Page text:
Every day this month I'm going to feature a current comic book writing "star," someone who I think is a very good writer.
I'm mostly going to try to keep from the biggest names as much as possible, because, really, do I need to talk more about the awesomeness of Alan Moore, Neil Gaiman and Warren Ellis?
Here's a hilarious comic creator who is slowly getting more and more attention outside the world of comics for his talents.
Michael Kupperman wrote for many different publications for a number of years before his first book came out in 2000, a collection of some of his work (plus new drawings) called Snake 'n' Bacon's Cartoon Cabaret.
The book was named after the two characters who Kupperman are probably most known for, the duo of Snake and Bacon, who are, well, a snake and a piece of bacon. The snake only hisses and the bacon only says bacon-related things (like "I go well in a sandwich," "Crumble me up and put me in a salad," "Use a towel to wipe the grease off of me," etc.) and yet they go on all sorts of misadventures.
They highlight what is perhaps Kupperman's greatest comedic skill - the ability to sell surreal ideas in the most serious way possible, highlighting the humor all the more vividly.
Robert Smigel was a big fan and had Kupperman do some Snake and Bacon cartoons for Smigel's TV Funhouse TV series.
A few years back, Kupperman returned to the world of comic book making again with his ongoing series for Fantagraphics called Tales Designed to Thrizzle, using a lot of the same characters from Snake and Bacon (including the titular pair) as well as loads of new characters, such as Hercules ("the public domain superhero") and The Mannister - A man who can transform himself into the shape of a banister.
Kupperman's humor is definitely surrealist and absurdist, but it comes in different delivery methods. Sometimes they will just be straightforward jokes, like the Mannister or Pagus - Jesus' evil twin brother...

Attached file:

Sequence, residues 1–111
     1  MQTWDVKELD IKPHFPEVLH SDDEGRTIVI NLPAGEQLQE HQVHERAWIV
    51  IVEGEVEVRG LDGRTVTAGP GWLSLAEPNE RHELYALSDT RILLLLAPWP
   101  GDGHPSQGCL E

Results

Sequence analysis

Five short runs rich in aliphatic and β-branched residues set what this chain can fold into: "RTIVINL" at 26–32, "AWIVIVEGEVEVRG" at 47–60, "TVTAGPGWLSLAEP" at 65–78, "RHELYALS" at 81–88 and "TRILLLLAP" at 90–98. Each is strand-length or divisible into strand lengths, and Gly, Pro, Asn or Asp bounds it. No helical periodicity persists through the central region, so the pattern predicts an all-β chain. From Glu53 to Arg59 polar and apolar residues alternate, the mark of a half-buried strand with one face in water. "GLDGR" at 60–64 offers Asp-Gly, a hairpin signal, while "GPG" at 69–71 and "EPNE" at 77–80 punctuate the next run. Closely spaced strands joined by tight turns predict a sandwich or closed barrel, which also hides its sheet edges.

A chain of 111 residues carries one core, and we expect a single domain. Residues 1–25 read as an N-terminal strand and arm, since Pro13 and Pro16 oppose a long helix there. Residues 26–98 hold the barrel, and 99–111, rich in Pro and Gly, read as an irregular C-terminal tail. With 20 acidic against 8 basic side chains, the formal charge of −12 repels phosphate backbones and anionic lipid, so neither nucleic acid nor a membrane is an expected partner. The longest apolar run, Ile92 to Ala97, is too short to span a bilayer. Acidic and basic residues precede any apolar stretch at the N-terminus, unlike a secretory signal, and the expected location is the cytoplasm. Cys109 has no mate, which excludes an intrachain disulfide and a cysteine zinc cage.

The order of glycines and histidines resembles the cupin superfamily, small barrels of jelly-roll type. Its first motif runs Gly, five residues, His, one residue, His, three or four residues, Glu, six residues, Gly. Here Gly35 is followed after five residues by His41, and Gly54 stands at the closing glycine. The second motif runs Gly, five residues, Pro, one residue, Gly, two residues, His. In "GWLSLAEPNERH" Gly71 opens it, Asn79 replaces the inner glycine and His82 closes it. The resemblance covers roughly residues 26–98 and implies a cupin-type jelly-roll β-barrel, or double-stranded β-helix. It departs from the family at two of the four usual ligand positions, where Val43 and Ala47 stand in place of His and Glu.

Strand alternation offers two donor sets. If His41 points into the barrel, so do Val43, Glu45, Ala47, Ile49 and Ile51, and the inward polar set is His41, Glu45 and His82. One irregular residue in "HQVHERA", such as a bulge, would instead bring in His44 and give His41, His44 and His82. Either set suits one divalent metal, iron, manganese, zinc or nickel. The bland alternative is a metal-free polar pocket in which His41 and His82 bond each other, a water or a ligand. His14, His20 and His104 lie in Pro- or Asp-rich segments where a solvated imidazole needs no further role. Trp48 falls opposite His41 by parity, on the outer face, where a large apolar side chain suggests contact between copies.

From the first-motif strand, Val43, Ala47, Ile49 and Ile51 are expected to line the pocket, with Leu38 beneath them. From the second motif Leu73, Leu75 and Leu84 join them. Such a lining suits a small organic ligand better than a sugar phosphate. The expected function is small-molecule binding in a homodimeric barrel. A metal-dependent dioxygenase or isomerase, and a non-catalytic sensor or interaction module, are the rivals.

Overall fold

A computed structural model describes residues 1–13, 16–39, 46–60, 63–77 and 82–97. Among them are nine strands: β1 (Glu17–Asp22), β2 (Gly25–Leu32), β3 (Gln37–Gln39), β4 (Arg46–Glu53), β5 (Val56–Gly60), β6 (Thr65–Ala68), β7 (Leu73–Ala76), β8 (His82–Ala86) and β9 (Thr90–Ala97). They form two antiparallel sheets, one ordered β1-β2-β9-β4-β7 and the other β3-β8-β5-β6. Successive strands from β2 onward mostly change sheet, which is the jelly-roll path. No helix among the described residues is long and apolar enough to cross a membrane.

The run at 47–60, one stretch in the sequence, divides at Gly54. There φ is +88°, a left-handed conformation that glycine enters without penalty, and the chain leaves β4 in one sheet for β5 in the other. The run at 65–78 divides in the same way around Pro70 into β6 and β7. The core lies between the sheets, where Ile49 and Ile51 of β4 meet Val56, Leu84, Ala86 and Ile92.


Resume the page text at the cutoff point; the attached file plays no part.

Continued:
Other times, his humor will be more along the lines of examining older works and merely pointing out (through humor, of course) the absurdities of the past that just weren't visible to readers at the time - heck, the title of the comic is even a bit of a play on those older comic works. You had your Tales to Astonish and your Tales of Suspense, well, here, these are Tales Designed to Thrill AND Dazzle, or Thrizzle, if you would.
You can see what he's going for in the covers, as well, as they certainly evoke an era where absurdist ideas were not actually SEEN as absurd at the time (this is the general basis for stuff like Superdickery).
Kupperman also plays along with the silly directions people put in books, like "This is the kids section," as though anyone actually follows the book's instructions. In the latest issue, Kupperman professes to have designed the book to take exactly one day to read (along with instructions on how to do so).
I also like it when Kupperman puts famous people into silly situations, like Albert Einstein and Mark Twain as Magnum Force-esque police partners, or....
Adult Swim is currently in production on a Snake and Bacon cartoon series, and Kupperman is doing some other comedy writing for television, but luckily, he seems committed to giving us at least one issue of Tales Designed to Thrizzle a year.